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Every day, Fahmy must go to his local police station and sign in between noon and 3 p.m.

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Fahmy takes a minute to clear his head from the congested Cairo. ‘I would love to just get out of town and go to the beach, but this police thing keeps me here.’ 

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Re: Amal Alamuddin and her work

Post by Donnamarie on Thu Mar 05 2015, 18:05

There was a similar article last week I think in the NY Times (or the Washington Post) about the other defendant Baher Mohamed.  It mentioned Fahmy in one sentence and how Amal is defending him.  But the gist of the article was how welcomed it was for Bager to be out of jail but there is this huge cloud hanging over him since he doesn't know his fate.  He has children, one who was born while he was in prison.  Baher wants to be happy but he feels so unsure how long he will be free that he's going through all kinds of emotions.  I'm sure Fahmy has similar feelings.  It's great to be free but how long will it last.

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Re: Amal Alamuddin and her work

Post by party animal - not! on Sun Mar 08 2015, 11:45

The trial's been postponed again..........!!!

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The nearer the Presidential elections get, the more likely they'll be freed......said a cynic...........

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Re: Amal Alamuddin and her work

Post by Nicky80 on Sun Mar 08 2015, 12:10

Merged threads

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Re: Amal Alamuddin and her work

Post by Donnamarie on Sun Mar 08 2015, 14:17

I wonder if Amal went to Egypt yet to meet with officials?  Thought she was going soon after she criticized the Canadian government for their woeful lack of action.

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Re: Amal Alamuddin and her work

Post by Way2Old4Dis on Sun Mar 08 2015, 14:34

No news reports, no pictures of her there. Lots of telephone and video conferencing going on, I assume.

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Re: Amal Alamuddin and her work

Post by melbert on Sun Mar 08 2015, 19:00

Last I read she's still waiting on her visa.  I wonder if in addition to the two witnesses not showing up, they're postponing the trial to wait for Amal to get there after she gets her visa?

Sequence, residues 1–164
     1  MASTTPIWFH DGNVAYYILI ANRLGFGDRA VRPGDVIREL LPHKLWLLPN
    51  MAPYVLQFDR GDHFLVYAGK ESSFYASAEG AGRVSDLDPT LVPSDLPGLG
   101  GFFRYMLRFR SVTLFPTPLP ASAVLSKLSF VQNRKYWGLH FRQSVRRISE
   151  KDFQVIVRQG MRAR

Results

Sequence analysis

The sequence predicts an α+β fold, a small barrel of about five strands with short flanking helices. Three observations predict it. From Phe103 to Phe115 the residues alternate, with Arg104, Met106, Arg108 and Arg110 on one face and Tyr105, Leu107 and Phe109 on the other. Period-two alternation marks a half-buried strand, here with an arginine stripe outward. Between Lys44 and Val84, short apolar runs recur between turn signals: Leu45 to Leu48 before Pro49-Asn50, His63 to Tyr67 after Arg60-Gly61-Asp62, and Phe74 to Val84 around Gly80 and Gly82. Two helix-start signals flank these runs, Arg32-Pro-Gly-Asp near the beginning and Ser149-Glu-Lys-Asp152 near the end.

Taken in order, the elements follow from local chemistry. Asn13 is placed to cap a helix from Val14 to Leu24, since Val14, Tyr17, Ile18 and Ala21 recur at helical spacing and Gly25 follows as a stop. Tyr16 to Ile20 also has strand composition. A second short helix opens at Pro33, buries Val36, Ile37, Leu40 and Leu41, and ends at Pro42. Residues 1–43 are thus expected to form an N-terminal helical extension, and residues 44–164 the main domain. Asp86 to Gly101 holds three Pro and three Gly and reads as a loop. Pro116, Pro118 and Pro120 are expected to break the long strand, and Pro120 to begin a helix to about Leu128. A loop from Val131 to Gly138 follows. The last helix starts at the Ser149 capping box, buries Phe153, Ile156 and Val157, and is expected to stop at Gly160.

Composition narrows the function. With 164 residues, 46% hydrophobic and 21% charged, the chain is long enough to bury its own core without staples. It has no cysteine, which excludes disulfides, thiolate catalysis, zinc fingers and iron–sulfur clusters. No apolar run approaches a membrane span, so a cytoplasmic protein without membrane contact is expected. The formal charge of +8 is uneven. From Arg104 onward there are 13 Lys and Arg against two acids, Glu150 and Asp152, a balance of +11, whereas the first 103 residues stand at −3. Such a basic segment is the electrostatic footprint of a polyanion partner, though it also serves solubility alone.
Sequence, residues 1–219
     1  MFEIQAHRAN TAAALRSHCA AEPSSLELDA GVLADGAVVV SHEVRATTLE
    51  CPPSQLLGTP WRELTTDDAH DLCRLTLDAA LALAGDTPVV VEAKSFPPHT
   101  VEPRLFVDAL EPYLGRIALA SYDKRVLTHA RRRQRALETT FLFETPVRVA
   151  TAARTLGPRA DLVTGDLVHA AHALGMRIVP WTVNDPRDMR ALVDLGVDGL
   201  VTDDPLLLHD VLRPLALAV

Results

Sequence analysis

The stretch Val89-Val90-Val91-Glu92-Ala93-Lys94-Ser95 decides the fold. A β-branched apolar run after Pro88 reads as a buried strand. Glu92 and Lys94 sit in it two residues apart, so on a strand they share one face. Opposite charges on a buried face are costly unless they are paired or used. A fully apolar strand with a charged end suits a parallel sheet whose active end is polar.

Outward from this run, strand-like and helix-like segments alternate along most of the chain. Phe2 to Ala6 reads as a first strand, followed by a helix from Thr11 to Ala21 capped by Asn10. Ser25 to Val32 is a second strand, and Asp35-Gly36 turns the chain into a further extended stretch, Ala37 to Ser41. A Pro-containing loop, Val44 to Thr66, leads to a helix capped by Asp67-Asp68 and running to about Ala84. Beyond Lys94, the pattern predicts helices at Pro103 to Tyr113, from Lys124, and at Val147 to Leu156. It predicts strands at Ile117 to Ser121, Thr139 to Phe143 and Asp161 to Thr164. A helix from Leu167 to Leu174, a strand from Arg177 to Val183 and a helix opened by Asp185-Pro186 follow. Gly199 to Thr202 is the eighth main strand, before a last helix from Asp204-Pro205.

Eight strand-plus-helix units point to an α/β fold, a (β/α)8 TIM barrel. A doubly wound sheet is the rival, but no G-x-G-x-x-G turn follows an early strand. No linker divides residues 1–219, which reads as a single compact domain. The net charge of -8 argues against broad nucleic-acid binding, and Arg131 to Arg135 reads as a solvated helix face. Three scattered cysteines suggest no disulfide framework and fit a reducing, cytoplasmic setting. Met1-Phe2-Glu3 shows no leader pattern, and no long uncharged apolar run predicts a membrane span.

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Re: Amal Alamuddin and her work

Post by party animal - not! on Sun Mar 08 2015, 19:41

No, I'm not sure the plaintiffs have that sort of influence. And if the witnesses had turned up, she would have given instructions to her fellow lawyer I imagine. No doubt she was warned this might happen.

Here's another case she's involved in now and taking it up to UN level

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British lawyer Amal Clooney takes Gloria Arroyo's case to UN

International human rights lawyer Amal Alamuddin Clooney has filed a case against the Philippine government before the United Nations over the continued detention of former president and incumbent Pampanga Rep. Gloria Macapagal Arroyo.
 
Atty. Modesto Ticman, one of Arroyo’s lawyers, confirmed that Clooney filed the case on Feb. 26 before the UN  Working Group on Arbitrary Detention (UNWGAD), a body under the UN Commission on Human Rights.
 
“The case concerns Arroyo’s protracted detention by the Philippine government despite her age, health condition and the court’s continued denial to grant her bail,” Ticman told GMA News Online in an interview Sunday.
 
In filing the case, Clooney wants the UN to persuade the Philippine government to release Arroyo, who has been under hospital arrest at the Veterans Memorial Medical Center (VMMC) in Quezon City for a plunder case in connection with the alleged misuse of P366-million in intelligence funds of the state lottery firm during her presidency.
 
She is undergoing treatment for a spine disease.
 
Since Arroyo’s case has been designated as a special procedure, Ticman said all communications between the UN and Philippine government on the matter will remain confidential.
 
But should the Philippine government ignore the UN’s appeal, Arroyo’s case will then be treated as a regular procedure that will be heard by the UN Human Rights Council.
 
“Under the special procedure, even us (Arroyo’s lawyers), won’t have access to the UN and Philippine government’s communications. But when it becomes a regular procedure, we can release documents and other information about the case,” he said.
 
International attention
 
Ticman said Arroyo is elated that Clooney, who is married to Hollywood actor George Clooney, has decided to elevate her case to the United Nations.
 
“She (Arroyo) appreciates what Atty. Amal did. She’s happy because Atty. Amal, who has international stature, is concerned about her plight. Now her case has gotten the attention of the UN and the international community,” he said.
 
The 37-year-old barrister specializes in international law, criminal law, human rights, and extradition cases. Among her prominent clients are Wikileaks founder Julian Assange and former Ukrainian prime minister Yulia Timoshenko. She has been named a visiting professor on human rights by the Columbia Law School in New York.